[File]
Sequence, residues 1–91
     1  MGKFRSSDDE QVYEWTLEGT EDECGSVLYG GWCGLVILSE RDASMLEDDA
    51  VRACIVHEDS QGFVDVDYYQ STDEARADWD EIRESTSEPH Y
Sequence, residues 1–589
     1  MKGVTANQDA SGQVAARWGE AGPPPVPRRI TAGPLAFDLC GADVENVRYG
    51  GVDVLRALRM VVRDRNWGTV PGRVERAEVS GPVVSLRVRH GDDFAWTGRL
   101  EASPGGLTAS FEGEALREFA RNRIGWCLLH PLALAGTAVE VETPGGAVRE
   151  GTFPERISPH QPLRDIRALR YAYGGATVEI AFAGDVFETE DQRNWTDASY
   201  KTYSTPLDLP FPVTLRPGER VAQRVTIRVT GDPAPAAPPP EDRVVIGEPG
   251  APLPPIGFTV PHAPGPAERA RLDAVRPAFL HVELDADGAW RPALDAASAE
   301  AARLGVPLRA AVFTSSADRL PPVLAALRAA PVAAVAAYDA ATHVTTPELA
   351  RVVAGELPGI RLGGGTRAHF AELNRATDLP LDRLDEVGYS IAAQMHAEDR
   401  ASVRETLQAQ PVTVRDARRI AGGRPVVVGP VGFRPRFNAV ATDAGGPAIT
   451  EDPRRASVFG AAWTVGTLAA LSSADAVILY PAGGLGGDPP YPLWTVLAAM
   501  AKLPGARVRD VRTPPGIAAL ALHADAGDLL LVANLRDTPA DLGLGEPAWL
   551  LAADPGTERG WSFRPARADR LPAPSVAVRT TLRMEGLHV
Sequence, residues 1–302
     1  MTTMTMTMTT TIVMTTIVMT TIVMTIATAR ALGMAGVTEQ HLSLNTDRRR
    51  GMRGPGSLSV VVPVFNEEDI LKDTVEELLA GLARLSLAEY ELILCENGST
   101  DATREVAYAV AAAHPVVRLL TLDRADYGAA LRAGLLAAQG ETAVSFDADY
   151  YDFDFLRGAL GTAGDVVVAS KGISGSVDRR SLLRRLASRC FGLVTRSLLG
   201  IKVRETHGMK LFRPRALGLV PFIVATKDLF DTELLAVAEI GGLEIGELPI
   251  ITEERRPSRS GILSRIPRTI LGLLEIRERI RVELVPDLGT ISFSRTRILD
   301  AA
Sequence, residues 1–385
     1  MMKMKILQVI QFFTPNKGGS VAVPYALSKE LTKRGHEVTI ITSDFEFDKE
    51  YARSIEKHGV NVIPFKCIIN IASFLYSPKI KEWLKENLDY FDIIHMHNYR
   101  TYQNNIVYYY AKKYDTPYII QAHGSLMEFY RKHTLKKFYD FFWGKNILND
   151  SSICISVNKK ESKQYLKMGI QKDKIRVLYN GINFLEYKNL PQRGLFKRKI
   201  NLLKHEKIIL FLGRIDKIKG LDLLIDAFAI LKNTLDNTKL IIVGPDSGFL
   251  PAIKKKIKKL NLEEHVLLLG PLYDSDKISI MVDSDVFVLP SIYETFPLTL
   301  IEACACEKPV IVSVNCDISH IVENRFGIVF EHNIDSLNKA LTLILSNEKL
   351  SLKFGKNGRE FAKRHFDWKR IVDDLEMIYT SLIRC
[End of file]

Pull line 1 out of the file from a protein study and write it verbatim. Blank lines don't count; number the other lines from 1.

Sequence, residues 1–91